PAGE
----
Australian oil and gas company Woodside Energy has joined forces with Monash University to develop a state-of-the-art ‘living laboratory’ and long-term research partnership to support Australia’s low-carbon energy transition.
Woodside will contribute $16.5 million to the construction of the Woodside Building for Technology and Design, located in the Monash Technology Precinct. The Precinct houses Australia’s largest concentration of research institutions and leading engineering companies.
The building is due for completion in early 2020. It will be one of the world’s most efficient and innovative teaching facilities, and through the partnership, Monash and Woodside will explore the possibilities of hydrogen and carbon abatement, with a focus on materials, electro-chemical and thermal chemical research.
Woodside and Monash will also jointly invest more than $40 million into the ongoing research partnership over the next seven years.
The Woodside Building for Technology and Design and Woodside Monash Energy Partnership will build on the foundation FutureLab collaboration, established by Woodside at Monash in 2015.
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Monash University President and Vice-Chancellor Professor Margaret Gardner AO said the new building and the growth of the Woodside-Monash Energy Partnership would greatly improve Australia’s capacity to find new solutions in sustainable energy technology, and that it would quickly build a reputation as a leading centre for innovation.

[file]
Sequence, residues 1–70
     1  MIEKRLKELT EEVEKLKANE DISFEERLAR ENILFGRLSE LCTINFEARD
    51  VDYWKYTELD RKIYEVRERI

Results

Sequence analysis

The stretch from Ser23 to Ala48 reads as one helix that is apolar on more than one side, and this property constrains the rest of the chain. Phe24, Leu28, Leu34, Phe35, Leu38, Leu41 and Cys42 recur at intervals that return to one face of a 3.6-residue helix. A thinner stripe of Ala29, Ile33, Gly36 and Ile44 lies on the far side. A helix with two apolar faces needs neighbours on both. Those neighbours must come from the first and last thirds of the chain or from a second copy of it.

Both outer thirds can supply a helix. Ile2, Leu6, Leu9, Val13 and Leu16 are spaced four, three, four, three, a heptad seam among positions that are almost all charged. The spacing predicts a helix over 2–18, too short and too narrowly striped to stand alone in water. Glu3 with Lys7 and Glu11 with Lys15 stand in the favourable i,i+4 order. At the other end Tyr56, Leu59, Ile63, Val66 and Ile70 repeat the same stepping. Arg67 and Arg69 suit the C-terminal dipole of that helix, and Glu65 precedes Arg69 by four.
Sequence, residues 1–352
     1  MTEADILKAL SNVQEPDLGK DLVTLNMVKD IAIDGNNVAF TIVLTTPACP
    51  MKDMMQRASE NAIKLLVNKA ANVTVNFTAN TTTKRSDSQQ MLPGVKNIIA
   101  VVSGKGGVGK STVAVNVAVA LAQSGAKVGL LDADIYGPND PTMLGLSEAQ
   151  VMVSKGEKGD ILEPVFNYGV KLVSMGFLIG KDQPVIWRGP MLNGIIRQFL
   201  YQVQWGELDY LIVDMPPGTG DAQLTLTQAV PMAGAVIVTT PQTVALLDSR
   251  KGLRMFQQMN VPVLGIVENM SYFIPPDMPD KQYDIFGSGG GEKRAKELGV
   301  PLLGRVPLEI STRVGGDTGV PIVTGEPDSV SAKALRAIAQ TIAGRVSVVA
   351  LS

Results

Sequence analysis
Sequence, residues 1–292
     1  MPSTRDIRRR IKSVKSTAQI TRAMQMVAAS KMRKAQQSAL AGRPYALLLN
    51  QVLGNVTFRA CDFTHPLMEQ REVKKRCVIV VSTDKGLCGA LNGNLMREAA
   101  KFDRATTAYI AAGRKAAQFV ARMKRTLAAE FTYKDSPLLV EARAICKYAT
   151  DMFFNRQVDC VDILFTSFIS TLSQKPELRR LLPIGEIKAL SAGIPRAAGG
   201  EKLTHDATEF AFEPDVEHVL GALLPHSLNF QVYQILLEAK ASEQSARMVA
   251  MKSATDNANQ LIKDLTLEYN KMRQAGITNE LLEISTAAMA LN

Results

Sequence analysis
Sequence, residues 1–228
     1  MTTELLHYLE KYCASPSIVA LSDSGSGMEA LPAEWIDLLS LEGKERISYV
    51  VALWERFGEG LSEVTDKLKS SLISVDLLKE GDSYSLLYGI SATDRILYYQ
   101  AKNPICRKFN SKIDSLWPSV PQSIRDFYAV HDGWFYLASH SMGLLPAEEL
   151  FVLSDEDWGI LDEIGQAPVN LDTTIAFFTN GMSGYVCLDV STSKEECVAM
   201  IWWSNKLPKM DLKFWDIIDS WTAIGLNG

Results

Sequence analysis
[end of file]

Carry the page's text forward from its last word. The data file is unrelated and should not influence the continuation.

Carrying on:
“With generous support from Woodside, we are excited to see the next iteration of FutureLab take shape. This will be a place where industry interacts with students, researchers and academics to produce job-ready graduates and provide solutions to some of the biggest challenges in our future. In partnership, we are committed to leading the world with our research and study programs to achieve sustainable, positive change,” Professor Gardner said.
Woodside CEO Peter Coleman said the new research partnership would deepen a proven relationship.
“Woodside and Monash share a commitment to developing innovative responses to real-world challenges and we recognise that finding a sustainable path to a lower-carbon economy is one of the biggest we face. This challenge can only be solved by companies like Woodside, which is applying disruptive data-driven technologies to our operations, working with the best and brightest minds at universities such as Monash.
“Our goal through the Woodside Monash Energy Partnership is ambitious but is grounded in reality. It is not simply about shifting to a low-carbon future, but about ensuring that future is achievable and sustainable for industry and for a resource-rich nation like Australia by maintaining a strong economy and the employment that goes with it. We think natural gas, renewables and ultimately hydrogen are all part of the answer to this challenge and we look forward to working with Monash on multiple prongs of the energy transition,” he said.
Woodside’s investment meets a key aim under Monash’s Change it. For Good. philanthropy campaign to accelerate the scale and success of the university’s international research to tackle the world’s biggest challenges.
Woodside made headlines last year when Mr Coleman called for a carbon price, saying the time to act on climate change is now.
“Our legacy needs to be one that both our children and our grandchildren are proud that their parents gave to them and that opportunity is now, so we think there is a will to act, the time is now, and we need to start having good policy debate,” he said.